THE acquisition of a US-based resources advisor has increased the reach of Queensland’s biggest infrastructure consultancies says managing director, Andrew Buckley (pictured).
When Brisbane infrastructure experts Cardno wanted a resources-focused suitor, the firm was willing to travel the extra mile.
A 20,000km soul-mate search took managing director Andrew Buckley across the Pacific ocean to Bluefield, in the Virginian ‘state of lovers’. There, Cardno finally met its $30 million perfect match – Marshall Miller & Associates (MM&A).
“We tried to fi nd suitable companies in Australia, but it was hard to put together a successful deal at reasonable multiples in such a limited market,” says Buckley.
“There were so many more businesses in the north American market and it was easier to find one that ticks all the boxes, including reasonable price, complementary fit and organic growth.”
MM&A advises the mineral resource, environmental and carbon management industries on mining engineering, mine reserve evaluation, oil and gas exploration, feasibility studies and project due diligence services.
Its client base includes Peabody, BHP Billiton, Rothschild, ArcelorMittal, Rey Resources, CNX Gas Company, Asian
American Coal, Cliffs Natural Resources, Alpha Natural Resources, ESSAR Minerals Americas, First Reserve Corporation and the US Department of Energy.
Buckley reveals the high Australian dollar helped in the acquisition of MM&A.
“The Aussie currency helped us in the issuing of shares for the transaction, but we still borrowed funds in US dollars to ensure we were naturally hedged,” he says.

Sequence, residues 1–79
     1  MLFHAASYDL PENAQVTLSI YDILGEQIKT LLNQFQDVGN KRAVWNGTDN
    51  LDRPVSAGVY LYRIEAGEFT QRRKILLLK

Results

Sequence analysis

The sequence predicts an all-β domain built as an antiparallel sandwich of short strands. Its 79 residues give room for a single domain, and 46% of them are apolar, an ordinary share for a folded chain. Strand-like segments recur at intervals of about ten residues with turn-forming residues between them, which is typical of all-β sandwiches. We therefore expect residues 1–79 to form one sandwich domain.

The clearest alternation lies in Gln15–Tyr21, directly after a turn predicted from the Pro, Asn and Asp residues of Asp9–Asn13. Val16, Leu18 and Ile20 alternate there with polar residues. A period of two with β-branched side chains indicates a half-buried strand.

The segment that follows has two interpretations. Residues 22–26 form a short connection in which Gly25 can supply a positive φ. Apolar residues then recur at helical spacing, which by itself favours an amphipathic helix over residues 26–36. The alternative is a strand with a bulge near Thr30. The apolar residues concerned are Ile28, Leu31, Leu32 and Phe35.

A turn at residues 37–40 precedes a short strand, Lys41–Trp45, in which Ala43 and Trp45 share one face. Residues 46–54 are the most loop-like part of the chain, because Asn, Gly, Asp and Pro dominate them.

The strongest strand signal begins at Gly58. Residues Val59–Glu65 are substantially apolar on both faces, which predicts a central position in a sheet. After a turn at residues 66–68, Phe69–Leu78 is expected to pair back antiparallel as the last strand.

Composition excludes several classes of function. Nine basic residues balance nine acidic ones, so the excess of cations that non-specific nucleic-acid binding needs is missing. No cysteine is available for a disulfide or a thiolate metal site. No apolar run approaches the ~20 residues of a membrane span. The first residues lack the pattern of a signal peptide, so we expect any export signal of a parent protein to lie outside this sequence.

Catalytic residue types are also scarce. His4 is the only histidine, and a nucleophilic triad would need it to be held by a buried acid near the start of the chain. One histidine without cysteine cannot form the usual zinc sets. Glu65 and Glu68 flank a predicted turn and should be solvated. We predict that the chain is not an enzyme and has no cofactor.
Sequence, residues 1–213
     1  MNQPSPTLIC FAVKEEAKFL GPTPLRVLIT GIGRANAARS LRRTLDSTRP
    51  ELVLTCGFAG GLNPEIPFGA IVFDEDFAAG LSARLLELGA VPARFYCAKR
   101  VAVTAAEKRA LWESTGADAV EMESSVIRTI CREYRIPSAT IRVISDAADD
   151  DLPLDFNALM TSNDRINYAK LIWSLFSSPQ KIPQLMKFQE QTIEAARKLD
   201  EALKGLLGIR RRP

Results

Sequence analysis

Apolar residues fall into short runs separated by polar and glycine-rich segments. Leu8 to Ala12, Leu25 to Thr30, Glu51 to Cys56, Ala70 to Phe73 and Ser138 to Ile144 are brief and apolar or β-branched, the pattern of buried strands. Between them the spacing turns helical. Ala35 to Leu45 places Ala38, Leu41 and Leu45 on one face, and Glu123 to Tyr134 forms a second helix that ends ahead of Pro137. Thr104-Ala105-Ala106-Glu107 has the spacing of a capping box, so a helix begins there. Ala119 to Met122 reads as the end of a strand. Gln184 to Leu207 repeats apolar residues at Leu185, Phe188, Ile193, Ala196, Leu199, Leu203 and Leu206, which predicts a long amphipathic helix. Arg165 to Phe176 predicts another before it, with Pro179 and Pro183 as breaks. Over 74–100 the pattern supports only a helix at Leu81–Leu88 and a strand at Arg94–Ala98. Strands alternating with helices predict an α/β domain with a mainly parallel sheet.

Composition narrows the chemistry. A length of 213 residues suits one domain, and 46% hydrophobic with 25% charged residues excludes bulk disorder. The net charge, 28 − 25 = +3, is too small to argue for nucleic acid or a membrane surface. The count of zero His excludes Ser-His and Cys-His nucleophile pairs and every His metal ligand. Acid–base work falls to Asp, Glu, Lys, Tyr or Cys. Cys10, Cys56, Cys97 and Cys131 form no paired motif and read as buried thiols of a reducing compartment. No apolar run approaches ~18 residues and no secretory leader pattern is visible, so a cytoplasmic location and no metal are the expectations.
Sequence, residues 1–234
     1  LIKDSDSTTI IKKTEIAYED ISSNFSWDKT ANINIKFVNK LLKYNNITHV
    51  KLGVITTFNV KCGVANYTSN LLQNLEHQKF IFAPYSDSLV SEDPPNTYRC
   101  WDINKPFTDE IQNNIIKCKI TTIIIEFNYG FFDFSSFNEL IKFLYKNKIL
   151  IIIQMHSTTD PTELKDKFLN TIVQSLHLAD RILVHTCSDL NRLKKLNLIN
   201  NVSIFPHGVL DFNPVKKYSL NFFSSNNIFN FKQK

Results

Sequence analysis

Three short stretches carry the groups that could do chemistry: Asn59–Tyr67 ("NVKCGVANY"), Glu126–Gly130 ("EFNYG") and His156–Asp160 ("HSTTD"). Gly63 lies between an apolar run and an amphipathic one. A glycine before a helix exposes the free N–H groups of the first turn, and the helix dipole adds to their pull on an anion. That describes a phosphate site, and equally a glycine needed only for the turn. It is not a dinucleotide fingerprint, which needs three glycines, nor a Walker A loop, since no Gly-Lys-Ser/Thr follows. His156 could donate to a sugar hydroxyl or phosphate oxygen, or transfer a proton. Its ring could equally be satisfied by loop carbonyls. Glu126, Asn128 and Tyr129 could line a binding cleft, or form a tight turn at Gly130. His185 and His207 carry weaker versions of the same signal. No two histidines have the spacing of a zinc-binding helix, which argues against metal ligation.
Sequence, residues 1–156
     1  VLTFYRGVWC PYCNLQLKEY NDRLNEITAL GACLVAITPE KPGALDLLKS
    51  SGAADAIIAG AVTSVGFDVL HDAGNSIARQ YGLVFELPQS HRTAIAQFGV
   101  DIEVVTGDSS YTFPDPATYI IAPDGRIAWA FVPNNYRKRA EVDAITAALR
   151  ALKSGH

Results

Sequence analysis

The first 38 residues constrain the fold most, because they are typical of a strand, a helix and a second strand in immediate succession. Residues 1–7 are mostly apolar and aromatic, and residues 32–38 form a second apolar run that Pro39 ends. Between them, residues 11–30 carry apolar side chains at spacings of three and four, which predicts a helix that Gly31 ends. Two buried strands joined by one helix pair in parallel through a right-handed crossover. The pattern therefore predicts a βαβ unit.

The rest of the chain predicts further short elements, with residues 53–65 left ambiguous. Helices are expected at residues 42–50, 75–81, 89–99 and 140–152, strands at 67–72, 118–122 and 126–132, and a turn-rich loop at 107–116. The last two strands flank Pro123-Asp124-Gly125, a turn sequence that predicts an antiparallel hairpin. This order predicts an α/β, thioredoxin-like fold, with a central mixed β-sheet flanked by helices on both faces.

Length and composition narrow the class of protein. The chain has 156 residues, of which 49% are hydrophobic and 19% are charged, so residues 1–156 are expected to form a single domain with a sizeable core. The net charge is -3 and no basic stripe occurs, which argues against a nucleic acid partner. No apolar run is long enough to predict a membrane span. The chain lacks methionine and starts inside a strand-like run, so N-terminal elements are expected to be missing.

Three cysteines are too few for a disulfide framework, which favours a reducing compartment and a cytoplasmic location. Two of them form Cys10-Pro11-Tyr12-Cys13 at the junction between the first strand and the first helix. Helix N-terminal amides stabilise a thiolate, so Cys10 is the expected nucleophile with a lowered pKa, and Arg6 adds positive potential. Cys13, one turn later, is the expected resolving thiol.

“Although our company does not suffer huge blows from currency movements, most of MM&A’s revenue stream is in US dollars and we would like it if the Aussie dollar fell to 70 US cents.”
Cardno’s decision to consolidate was partly driven by organic growth opportunities in carbon sequestration.
“The carbon tax and issue of climate change has increased the need for us to service enquiries. We have responded to this trend by appointing environmental experts and acquiring MM&A will provide a focal point to pull it all together,” says Buckley.
“MM&A advises coal, shale gas and coal-seam gas companies about carbon sequestration, so there are opportunities for us to engage with clients in north America, South America, Asia, europe and Australia.”
The enlarged entity will also have better odds of entering the Asian market, analysts say.
“China is a difficult market and we have not had much luck in fi nding a way to directly enter apart from acquiring a business due to the risks of non-paying clients and intellectual property loss,” says Buckley.
“MM&A has clients in China and we want to find other business partners in Hong Kong or South Korea, where there is a strong regulatory framework. We want to engage with China from a low-risk base.”
Cardno, based in Fortitude Valley, has set aggressive targets for revenue, profit, people and entry to overseas markets. However, when the company achieved its 2005-2010 goals two years ahead of schedule, Buckley had to raise the bar.
“Our new targets have been set for greater representation as a world leader in professional services while helping the environment,” he says.
“We are on-track and once again surpassing our goal to create better communities though planning, design and delivery of physical and social infrastructure.”